In a streamlining move, Pasco Sheriff Lee Cannon has dissolved the group of detectives who specialize in fighting white-collar crime.
The five-member Economic Crimes Unit, which handled everything from run-of-the-mill con artists' cases to million-dollar scandals involving powerful builders, was disbanded May 15, according to Sheriff's Office spokesman Jon Powers.
One detective resigned. One was transferred to road patrol. The remaining two detectives and their supervisor were absorbed into the criminal investigations bureau, Power said.
"The investigation into so-called economic crimes will continue," Powers said. "We have confidence that we have people who can handle it."
That confidence was not shared by law enforcement experts or County Commissioner Ed Collins, who blasted Cannon's decision Thursday.
"If we have a problem with economic crimes, why don't we have that unit?" he asked. "You're losing expertise."
Cannon objected to Collins' criticisms.
"He's playing politics rather than being a professional," Cannon said.
Law enforcement experts say economic crimes aren't like the usual purse snatching or auto burglary.
Instead, investigating such crimes can take years of tedious work. Detectives must review reams of paper, be sensitive to minute accounting changes and know something about finances.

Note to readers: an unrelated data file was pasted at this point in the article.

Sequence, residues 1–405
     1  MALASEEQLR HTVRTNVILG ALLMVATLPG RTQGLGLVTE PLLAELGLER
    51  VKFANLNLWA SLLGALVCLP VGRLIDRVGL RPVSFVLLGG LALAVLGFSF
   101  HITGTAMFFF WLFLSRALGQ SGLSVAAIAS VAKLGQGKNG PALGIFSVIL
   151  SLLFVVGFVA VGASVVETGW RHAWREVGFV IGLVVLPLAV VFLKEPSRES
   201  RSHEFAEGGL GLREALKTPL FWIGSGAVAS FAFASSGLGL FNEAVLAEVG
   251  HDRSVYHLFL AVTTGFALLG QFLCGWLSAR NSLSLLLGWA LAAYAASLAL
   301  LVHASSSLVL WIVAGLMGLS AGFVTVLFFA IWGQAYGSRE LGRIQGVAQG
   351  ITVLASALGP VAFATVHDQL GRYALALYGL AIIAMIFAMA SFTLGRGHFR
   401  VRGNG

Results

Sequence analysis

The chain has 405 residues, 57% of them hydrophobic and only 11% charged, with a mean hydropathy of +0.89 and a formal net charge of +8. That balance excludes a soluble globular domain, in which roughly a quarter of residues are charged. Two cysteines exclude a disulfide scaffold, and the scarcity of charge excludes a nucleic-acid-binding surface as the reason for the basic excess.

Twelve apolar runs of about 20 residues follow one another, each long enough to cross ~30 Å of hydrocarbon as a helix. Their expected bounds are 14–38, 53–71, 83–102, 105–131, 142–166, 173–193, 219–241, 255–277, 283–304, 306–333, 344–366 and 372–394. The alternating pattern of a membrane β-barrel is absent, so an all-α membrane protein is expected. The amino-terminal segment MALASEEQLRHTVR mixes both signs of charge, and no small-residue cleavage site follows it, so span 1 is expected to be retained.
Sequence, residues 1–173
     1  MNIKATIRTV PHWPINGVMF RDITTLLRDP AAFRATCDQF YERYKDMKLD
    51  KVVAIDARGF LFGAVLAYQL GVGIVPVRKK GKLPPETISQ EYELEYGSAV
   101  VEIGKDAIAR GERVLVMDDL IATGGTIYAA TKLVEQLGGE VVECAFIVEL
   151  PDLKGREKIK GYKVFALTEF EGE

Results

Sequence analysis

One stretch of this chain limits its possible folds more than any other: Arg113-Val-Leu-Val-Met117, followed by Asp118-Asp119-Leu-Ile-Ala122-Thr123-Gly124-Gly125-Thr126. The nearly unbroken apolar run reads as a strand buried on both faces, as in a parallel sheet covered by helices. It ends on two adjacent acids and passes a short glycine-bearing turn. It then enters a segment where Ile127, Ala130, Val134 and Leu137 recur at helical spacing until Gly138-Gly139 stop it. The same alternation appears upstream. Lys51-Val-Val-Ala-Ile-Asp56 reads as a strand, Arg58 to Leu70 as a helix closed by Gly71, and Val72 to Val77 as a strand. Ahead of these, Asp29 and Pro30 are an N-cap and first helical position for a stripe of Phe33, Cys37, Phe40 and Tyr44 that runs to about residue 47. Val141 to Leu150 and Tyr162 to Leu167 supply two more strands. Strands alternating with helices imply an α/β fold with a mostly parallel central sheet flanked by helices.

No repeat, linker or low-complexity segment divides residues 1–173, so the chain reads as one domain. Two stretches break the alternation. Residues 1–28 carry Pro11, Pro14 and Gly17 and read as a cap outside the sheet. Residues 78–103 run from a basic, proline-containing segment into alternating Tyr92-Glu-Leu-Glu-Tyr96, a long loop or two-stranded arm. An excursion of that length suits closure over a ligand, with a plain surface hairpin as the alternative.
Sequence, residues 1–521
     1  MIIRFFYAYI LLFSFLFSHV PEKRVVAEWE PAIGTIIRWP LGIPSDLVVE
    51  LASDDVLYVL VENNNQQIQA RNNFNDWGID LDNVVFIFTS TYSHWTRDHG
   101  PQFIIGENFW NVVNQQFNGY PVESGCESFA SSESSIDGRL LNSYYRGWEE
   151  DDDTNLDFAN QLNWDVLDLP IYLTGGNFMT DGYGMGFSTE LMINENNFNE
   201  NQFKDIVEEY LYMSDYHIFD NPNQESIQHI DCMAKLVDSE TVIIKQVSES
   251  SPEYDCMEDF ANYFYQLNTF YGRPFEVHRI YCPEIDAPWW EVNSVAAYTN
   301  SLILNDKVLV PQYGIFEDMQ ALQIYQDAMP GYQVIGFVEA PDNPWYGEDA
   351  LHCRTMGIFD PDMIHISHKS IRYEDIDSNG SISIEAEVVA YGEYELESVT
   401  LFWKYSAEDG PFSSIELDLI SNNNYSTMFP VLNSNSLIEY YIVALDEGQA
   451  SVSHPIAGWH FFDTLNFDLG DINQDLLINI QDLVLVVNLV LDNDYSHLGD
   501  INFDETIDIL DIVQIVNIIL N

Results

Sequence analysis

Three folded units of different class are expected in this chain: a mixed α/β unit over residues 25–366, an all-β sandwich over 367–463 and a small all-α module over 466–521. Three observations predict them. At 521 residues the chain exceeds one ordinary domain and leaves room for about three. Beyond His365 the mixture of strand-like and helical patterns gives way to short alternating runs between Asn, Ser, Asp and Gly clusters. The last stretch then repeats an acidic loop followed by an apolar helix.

An average case can produce a stack of documents that weighs six pounds and take two years to investigate.
Worse still, the criminals who commit such crimes are often much more intelligent than the average felon. They have an inside knowledge of finances and go out of their way to hide their tracks.
"You need specialized skills in detecting and pursuing that type of offense," said Charles Intriago, a former U.S. attorney and now publisher of a monthly newsletter on money laundering.
Intriago said the skills are in such short supply that some white-collar crimes aren't prosecuted at the federal and state levels because of a lack of resources.
"The local level cannot turn its back to the pursuit of white collar crime," Intriago said.
But Powers said the Sheriff's Office was doing no such thing. The two detectives and the supervisor who have expertise in the area will still be working on such crimes, he said.
It's just that they will have to handle other investigations like property crimes as well.
"This was a streamlining and reorganization to make more efficient use of manpower," said Powers, who added that other detectives will now get to work on economic crimes.
Both the Pinellas and Hillsborough county sheriff's offices have specialized white-collar crime units. Citrus and Hernando counties have individual detectives who specialize in that area.
Pasco's white-collar detectives handled some of the county's highest profile cases in recent years.
Four years ago, the unit's detectives arrested three owners of a Pasco dance studio on charges they had bilked elderly widows out of more than $1-million.
Just this January, the detectives' investigation led to the arrest of Clyde Hoeldtke Jr. on 23 charges of misapplication of construction funds on houses he had contracted to build in Pasco, Charlotte, Hernando, Citrus and St. Lucie counties.
In between, they investigated a variety of flimflam artists, scams and other petty schemes. In about 75 percent of their investigations, the victims were elderly residents.